Mindfulness

In 2011, I was asked to participate in an experimental NHS course called Mindfulness for Depression. Back then, mindfulness was not yet mainstream. Adult colouring books promising instant zen had not yet landed on the shelves of Rymans, and living in the moment and paying attention were good ideas, rather than million dollar industries. I’d never heard of mindfulness, and the word instantly troubled me. I already felt full to the brim of ‘mind’; positively bloated with it, but I turned up at the clinic for the first session anyway and tried to keep my full mind open.

The course leader introduced herself as Doreen. She looked much too young and happy-go-lucky to have such an austere name. She skipped around, all fringe and leggings, handing out meditation CDs to her sceptical looking participants, most of whom were no-nonsense Scousers still in their outdoor coats.

The theory, she explained, was that through mindfulness, we would learn to pay attention. I winced.  I have always been wary of that phrase. I associated it with stern French teachers and huffy driving instructors. Pay attention meant the end of daydreams and the beginning of strained concentration on irregular verbs and clutch control. But I kept listening.

If we pay attention to the world, she said, we can train ourselves to disengage from the direct experience of our thoughts and emotions – for it is in direct experience, apparently, that pain dwells.

Without further ado, she asked us to cup our hands. She fetched a packet of what looked like raisins – yes, yes, they were definitely raisins – out of her gym bag and placed one in the centre of each of our upturned palms. She did it somewhat reverently, as if we were at communion.

‘We are going to practice paying attention to our raisins,’ she said, with perfect seriousness. But we could pay attention to anything and everything, it didn’t have to be raisins, or indeed dried fruit of any kind. It could be the taste of a cup of tea, the scent of washing up liquid, the sensations within our bodies. To live mindfully was to live in the moment, with whatever was at hand.

‘Look at the raisin with wonder,’ she went on. ‘Imagine you’re a child seeing a raisin for the first time.’ When did I first see a raisin? I remember pouring them out when I was a kid, when I was helping Grandma with her Christmas puds. The mixture was always too heavy to stir and I always got told off for not using enough elbow grease.

‘If your mind has wandered,’ she said, ‘gently escort it back to the raisin.’ Hang on a minute, how did she know my mind had wandered? Maybe she could tell by my face. Must keep a poker face. Is this a poker face? If I was playing poker right now, could she tell what cards I had by the frequency of my blinks?

‘If your mind has wandered again, gently bring it back to the raisin. Lick the raisin. How does it taste?’ It… well… it tastes like a raisin. Do raisins count towards your five a day of fruit and veg? I know baked beans count, weirdly, but….

‘Now, listen to the raisin.’ Hmmm. I held it to my ear, but could hear nothing but the smirk of the lady next to me. Doreen could hear it too, but she merely smiled, raisin to ear, and kept listening.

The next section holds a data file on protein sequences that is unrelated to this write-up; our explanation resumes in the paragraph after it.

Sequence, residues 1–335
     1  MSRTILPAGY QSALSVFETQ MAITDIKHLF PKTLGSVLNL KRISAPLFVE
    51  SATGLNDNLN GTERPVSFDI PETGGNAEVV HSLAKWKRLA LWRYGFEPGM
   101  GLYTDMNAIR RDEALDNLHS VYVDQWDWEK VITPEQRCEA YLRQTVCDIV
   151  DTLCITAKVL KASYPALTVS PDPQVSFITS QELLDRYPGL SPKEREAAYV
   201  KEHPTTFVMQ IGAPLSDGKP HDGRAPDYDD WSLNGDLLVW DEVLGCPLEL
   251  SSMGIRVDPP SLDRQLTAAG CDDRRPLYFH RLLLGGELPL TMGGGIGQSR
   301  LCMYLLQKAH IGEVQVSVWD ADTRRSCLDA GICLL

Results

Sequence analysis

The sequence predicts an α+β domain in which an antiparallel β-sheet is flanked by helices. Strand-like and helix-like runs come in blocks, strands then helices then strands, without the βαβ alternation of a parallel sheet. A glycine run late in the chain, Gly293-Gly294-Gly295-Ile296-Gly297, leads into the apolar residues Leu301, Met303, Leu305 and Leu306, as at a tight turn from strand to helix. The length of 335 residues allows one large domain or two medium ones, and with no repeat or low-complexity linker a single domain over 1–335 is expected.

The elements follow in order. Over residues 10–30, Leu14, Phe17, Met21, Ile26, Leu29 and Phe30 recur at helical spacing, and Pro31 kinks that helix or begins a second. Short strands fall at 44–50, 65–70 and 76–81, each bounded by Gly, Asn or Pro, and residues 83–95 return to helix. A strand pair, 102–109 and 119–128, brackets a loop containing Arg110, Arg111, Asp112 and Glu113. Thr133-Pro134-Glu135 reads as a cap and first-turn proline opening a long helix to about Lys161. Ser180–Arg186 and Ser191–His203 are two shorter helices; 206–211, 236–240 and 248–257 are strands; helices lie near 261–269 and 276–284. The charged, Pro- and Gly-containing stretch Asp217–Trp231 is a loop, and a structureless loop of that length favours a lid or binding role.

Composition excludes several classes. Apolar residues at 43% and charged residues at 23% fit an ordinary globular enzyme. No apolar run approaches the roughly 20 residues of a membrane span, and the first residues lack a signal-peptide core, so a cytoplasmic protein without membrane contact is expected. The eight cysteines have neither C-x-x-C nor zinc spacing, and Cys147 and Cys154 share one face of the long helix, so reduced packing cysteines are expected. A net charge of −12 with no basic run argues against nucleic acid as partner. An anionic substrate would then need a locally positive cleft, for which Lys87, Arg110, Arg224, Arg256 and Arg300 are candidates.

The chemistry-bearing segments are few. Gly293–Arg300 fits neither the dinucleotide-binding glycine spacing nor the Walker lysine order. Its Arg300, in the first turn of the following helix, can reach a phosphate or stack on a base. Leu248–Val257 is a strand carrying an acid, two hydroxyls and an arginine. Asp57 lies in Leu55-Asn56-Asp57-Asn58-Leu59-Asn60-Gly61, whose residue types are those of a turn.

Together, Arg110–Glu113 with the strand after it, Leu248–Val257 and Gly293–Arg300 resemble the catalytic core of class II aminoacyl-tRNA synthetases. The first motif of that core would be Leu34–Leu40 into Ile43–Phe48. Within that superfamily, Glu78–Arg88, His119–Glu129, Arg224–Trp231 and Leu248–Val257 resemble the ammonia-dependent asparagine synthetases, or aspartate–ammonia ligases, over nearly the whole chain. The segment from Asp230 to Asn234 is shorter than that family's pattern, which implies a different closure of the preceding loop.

‘Now,’ she said. ‘What did you notice about your raisins?’ The answer was absolutely bloody nothing. But I did notice that paying attention for any length of time was nigh on impossible.

One things I loved about the course was Doreen’s openness to our resistance. We could tell her that ‘paying attention’ bored us rigid and was too damn difficult, we could announce triumphantly that mindful meditation helped us to fall asleep (after she had told us time and again that this was absolutely not the point), we could tell her that the sight of raisins triggered traumatic childhood memories and leave the room in diva-like disgust. We did all of these things and more. She seemed to like it when we scoffed, as if she understood that our extreme reaction was merely a part of the process.

After all, resistance to mindfulness makes absolute sense. It is not necessarily relaxing. It is, at first, deeply frustrating and has no tangible immediate pay off. The first time you attempt formal mindfulness meditation (in which you’ll be asked to do something ghastly like pay attention to the quality of your breath for twenty whole minutes) your thoughts will almost certainly wander onto what else you could be doing with that time. You will ache to turn off the irritating guided meditation CD, to tell the American speaker to stop talking in cliches, turn on your laptop and do everything you’ve been putting off for six months, whether that’s spending last Christmas’s Argos voucher or switching energy supplier. But if you’re doing the meditation right, you will ‘mindfully pay attention’ to that compulsion, and you will stubbornly, indefatigably bring your attention back to your breath.

Despite our struggles, by the end of the course, we were all converts. We were getting better at something, we were progressing, and that felt good. Someone asked Doreen how to ‘go further’ in mindfulness. She answered with trademark wisdom: ‘In order to deepen your experience, you have merely got to practice it.’

I’ve tried, since the course, to practice regularly.  And although it is not a panacea, living more mindfully has been beneficial in a number of ways.